A group of Tigraian diaspora in North America protest about their conflict with Ethiopia, near the State Department, Wednesday, Dec. 22, 2021, in Washington. AP
The Federal Parliamentary Assembly voted overwhelmingly in favor on Wednesday with 287 votes for, 13 votes against and one abstention.
'The commission's establishment will pave the way for national consensus and keep the integrity of the country,'' the bill states.
Prime Minister Abiy Ahmed's government has promised to create such a commission to establish a common ground on contentious issues.
The commission, however, will not at this stage engage with the Tigray Peoples' Liberation Front or the Oromo Liberation Army, both of which are fighting the federal army and have been declared terrorist organizations by the government of the East African nation.
Some government officials have said specifically that the new commission will not be engaging in talks with the Tigray organization.
But the commission's creation may be an effort to respond to the international community's persistent calls for a cease-fire and inclusive dialogue to resolve the conflict, said Tsedale Lemma, CEO of Jakenn Publishing, publisher of the prominent Addis Standard media outlet.
'When the international community requested holding inclusive dialogue to address Ethiopia's deepening crisis, there is no ambiguity on the need for such dialogue to be truly inclusive by having various stakeholders, including armed groups, be a part of the process,'' Tsedale told The Associated Press.
The government so far has a strict policy of no negotiations with the armed groups, she said.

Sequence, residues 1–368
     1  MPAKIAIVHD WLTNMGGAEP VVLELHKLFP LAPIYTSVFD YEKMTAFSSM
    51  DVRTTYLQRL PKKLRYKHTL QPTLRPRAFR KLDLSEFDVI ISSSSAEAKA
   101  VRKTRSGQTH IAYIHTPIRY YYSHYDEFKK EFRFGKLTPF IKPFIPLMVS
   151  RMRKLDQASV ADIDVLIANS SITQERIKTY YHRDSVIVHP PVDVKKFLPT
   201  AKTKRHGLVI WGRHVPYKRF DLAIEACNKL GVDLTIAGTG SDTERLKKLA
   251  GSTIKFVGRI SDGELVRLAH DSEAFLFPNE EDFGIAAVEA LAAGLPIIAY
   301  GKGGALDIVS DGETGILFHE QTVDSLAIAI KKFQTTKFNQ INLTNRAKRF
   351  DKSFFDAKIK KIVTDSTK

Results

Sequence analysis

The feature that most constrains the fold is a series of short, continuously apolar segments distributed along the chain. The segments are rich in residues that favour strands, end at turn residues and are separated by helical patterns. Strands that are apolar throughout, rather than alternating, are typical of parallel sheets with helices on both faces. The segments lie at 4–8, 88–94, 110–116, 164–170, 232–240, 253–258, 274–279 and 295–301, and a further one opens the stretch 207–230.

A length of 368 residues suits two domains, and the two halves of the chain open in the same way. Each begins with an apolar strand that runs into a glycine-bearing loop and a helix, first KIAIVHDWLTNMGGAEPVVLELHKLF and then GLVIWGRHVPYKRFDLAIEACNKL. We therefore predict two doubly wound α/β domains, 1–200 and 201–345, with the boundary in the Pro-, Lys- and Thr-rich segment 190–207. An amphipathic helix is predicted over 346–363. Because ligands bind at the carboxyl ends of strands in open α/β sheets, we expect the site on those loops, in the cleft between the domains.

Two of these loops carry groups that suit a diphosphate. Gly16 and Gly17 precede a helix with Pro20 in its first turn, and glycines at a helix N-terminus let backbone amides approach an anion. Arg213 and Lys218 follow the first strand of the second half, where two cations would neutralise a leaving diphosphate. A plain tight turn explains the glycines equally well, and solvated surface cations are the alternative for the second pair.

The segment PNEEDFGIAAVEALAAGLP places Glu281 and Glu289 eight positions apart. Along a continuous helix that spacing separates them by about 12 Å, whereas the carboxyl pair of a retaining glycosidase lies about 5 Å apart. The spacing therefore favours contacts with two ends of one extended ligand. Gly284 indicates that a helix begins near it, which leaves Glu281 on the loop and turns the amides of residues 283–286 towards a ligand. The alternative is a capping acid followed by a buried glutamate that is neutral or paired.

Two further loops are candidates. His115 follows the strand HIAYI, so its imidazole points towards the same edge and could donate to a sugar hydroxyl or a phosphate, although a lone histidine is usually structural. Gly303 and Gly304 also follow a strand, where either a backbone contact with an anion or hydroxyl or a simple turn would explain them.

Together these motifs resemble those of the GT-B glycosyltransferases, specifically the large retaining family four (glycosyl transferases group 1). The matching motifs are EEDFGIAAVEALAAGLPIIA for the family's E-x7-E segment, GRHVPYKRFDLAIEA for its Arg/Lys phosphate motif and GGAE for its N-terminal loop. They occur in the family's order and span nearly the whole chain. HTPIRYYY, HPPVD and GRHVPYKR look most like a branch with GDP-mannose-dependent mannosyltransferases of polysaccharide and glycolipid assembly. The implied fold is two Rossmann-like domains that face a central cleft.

'With this as a background, it's safe to say that the National Dialogue Commission is just an extension of the government's inadequate attempt at scratching the thick surface in Ethiopia's otherwise multi-layered and complex political crisis,'' she said.
The U.S. Embassy in Ethiopia continues to urge its citizens wishing to leave the country to do so by taking commercial flights.
U.S. Secretary of State Antony Blinken spoke with Kenyan President Uhuru Kenyatta on the situation in Ethiopia, spokesman for the U.S. State Department, Ned Price, said on Wednesday.
'They agreed on the urgent need for a cessation of hostilities, unhindered humanitarian access, an end to human rights abuses and violations, and a negotiated resolution to the conflict,'' Price said.
But Ethiopian officials have continued to protest that the U.S. and other Western countries are interfering in the country's internal affairs.
'These (Western) countries, especially the U.S., are supporting the Tigray Peoples' Liberation Front in addition to putting various pressures on Ethiopia,'' Zadig Abrha, an official within the Ethiopian Prime Minister's office, said on Wednesday.
Ethiopia's federal army and its allied forces recaptured swathes of areas in the Amhara and Afar region in recent weeks that were in the hands of Tigray forces since July.
Ethiopia's devastating war is believed to have caused the deaths of tens of thousands of people and displaced millions of others, pushing hundreds of thousands into famine-like conditions in the Tigray region, according to aid groups.
Both sides in the conflict have been accused of committing widespread abuses, killings and sexual violence.